Laser Particle Counter and Laser SpectrometerDifferences between Laser Spectrometers and Laser Particle Counters
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Laser Particle Counter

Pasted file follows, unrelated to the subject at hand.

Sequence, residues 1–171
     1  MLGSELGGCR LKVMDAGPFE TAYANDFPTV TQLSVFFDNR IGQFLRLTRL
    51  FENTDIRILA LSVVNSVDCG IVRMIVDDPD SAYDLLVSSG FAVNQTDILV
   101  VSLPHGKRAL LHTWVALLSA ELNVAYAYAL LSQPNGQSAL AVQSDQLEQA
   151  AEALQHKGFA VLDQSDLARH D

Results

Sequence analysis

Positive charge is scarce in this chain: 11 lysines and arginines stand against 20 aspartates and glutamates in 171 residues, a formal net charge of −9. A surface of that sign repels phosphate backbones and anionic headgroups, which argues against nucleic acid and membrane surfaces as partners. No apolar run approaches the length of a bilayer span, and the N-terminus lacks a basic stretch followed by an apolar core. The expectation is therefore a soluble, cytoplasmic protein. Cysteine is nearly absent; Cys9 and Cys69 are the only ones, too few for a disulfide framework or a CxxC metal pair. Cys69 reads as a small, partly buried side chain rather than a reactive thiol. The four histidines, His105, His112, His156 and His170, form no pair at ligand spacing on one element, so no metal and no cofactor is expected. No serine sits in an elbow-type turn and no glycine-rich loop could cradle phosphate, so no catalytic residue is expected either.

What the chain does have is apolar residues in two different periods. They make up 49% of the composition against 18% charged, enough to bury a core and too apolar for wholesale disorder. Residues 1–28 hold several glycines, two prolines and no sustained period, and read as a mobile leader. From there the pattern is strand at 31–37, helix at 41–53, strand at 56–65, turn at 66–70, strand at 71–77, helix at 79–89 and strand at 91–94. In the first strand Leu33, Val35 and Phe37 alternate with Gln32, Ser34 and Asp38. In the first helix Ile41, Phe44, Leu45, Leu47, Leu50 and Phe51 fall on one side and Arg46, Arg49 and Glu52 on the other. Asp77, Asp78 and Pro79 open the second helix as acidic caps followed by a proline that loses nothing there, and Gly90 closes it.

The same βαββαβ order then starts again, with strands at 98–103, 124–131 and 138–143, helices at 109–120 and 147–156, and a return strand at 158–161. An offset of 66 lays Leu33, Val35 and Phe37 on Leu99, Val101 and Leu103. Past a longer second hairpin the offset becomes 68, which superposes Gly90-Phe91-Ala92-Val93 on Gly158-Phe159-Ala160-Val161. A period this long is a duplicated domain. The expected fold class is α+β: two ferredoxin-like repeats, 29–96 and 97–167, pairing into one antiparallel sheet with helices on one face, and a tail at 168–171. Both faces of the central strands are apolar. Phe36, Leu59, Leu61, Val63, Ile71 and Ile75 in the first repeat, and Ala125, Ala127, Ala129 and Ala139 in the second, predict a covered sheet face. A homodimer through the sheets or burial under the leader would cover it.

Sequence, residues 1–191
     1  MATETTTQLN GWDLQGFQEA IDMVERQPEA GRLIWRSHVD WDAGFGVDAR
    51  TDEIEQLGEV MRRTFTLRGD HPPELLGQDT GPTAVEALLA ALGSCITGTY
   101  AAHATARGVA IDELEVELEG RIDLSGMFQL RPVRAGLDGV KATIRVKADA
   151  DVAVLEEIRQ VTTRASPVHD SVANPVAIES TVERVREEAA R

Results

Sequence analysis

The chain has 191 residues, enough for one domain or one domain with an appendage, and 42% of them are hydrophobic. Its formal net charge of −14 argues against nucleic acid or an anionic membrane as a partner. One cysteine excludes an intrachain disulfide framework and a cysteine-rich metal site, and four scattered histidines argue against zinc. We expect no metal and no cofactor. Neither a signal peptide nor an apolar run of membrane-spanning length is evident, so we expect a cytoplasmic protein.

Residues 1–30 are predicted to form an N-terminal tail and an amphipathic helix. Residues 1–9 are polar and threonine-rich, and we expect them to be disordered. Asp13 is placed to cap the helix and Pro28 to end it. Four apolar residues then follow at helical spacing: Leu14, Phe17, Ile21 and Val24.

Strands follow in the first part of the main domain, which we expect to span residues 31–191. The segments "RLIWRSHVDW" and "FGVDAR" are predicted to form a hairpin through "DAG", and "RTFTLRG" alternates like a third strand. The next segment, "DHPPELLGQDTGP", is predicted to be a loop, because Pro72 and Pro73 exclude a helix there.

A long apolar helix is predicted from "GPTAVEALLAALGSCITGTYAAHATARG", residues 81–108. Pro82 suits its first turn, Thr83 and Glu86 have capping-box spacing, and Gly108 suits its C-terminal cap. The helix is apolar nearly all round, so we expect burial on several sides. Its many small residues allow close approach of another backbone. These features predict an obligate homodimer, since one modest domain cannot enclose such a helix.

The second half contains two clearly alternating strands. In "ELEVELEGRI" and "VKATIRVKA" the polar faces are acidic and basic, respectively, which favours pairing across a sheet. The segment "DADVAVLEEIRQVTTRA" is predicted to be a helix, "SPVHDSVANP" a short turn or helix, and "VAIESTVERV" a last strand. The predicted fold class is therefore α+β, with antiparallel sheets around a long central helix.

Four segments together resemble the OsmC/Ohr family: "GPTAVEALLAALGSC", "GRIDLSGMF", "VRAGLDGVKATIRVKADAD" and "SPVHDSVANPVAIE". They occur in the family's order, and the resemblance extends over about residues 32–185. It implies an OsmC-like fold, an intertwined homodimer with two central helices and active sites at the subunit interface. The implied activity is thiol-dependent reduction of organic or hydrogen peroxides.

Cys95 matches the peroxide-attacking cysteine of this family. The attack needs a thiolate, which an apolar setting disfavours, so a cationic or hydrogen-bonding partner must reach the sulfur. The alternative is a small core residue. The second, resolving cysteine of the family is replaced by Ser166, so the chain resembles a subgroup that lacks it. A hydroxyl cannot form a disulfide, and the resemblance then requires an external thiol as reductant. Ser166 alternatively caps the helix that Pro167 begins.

A laser particle counter was designed with laser light tubes in the 1990 time frame, but has since began using solid state lasers for the advantage of power. The same advantages and dis-advantages for laser diodes and laser tubes are applicable with a laser particle counter. The number os size bins and the level of particle size resolution is significantly less than with a aerosol particle spectrometer. As laser diode power has increased, particle size detection sensitivity began to drop from 1 micron to 100 nano-meters (NM), then down to 50 nm, more recently going to 10 nm and now down in the size range of 3-5 nm. In addition, the laser particle counter has shrunk in size from large desk top units down to portable, hand held laser particle counters. The larger versions of the LPC offer higher size resolution and more data bins; while the handheld portable laser particle counters offer a very small package, battery operation; but with few size bins and poor size resolution. Airflow control is important, but is not well controlled in portable laser particle counters. Yet, the industry makes use of the portable LPC being used more as a portable monitor.